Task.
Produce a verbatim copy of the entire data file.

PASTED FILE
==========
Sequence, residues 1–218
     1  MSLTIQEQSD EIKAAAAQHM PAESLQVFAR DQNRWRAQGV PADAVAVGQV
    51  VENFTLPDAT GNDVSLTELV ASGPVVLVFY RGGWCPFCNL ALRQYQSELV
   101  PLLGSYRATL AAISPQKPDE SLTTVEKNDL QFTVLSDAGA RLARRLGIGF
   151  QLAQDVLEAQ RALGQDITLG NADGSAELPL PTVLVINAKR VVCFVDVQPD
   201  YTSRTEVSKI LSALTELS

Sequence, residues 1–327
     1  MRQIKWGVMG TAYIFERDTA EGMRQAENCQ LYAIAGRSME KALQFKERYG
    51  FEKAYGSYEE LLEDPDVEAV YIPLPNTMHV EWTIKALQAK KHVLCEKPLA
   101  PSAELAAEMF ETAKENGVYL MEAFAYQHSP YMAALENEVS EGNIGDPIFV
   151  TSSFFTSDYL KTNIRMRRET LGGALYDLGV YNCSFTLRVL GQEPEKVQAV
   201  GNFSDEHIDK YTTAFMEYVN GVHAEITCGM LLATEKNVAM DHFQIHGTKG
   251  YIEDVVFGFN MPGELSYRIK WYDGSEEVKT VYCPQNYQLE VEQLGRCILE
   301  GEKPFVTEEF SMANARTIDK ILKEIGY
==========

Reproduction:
Sequence, residues 1–218
     1  MSLTIQEQSD EIKAAAAQHM PAESLQVFAR DQNRWRAQGV PADAVAVGQV
    51  VENFTLPDAT GNDVSLTELV ASGPVVLVFY RGGWCPFCNL ALRQYQSELV
   101  PLLGSYRATL AAISPQKPDE SLTTVEKNDL QFTVLSDAGA RLARRLGIGF
   151  QLAQDVLEAQ RALGQDITLG NADGSAELPL PTVLVINAKR VVCFVDVQPD
   201  YTSRTEVSKI LSALTELS

Sequence, residues 1–327
     1  MRQIKWGVMG TAYIFERDTA EGMRQAENCQ LYAIAGRSME KALQFKERYG
    51  FEKAYGSYEE LLEDPDVEAV YIPLPNTMHV EWTIKALQAK KHVLCEKPLA
   101  PSAELAAEMF ETAKENGVYL MEAFAYQHSP YMAALENEVS EGNIGDPIFV
   151  TSSFFTSDYL KTNIRMRRET LGGALYDLGV YNCSFTLRVL GQEPEKVQAV
   201  GNFSDEHIDK YTTAFMEYVN GVHAEITCGM LLATEKNVAM DHFQIHGTKG
   251  YIEDVVFGFN MPGELSYRIK WYDGSEEVKT VYCPQNYQLE VEQLGRCILE
   301  GEKPFVTEEF SMANARTIDK ILKEIGY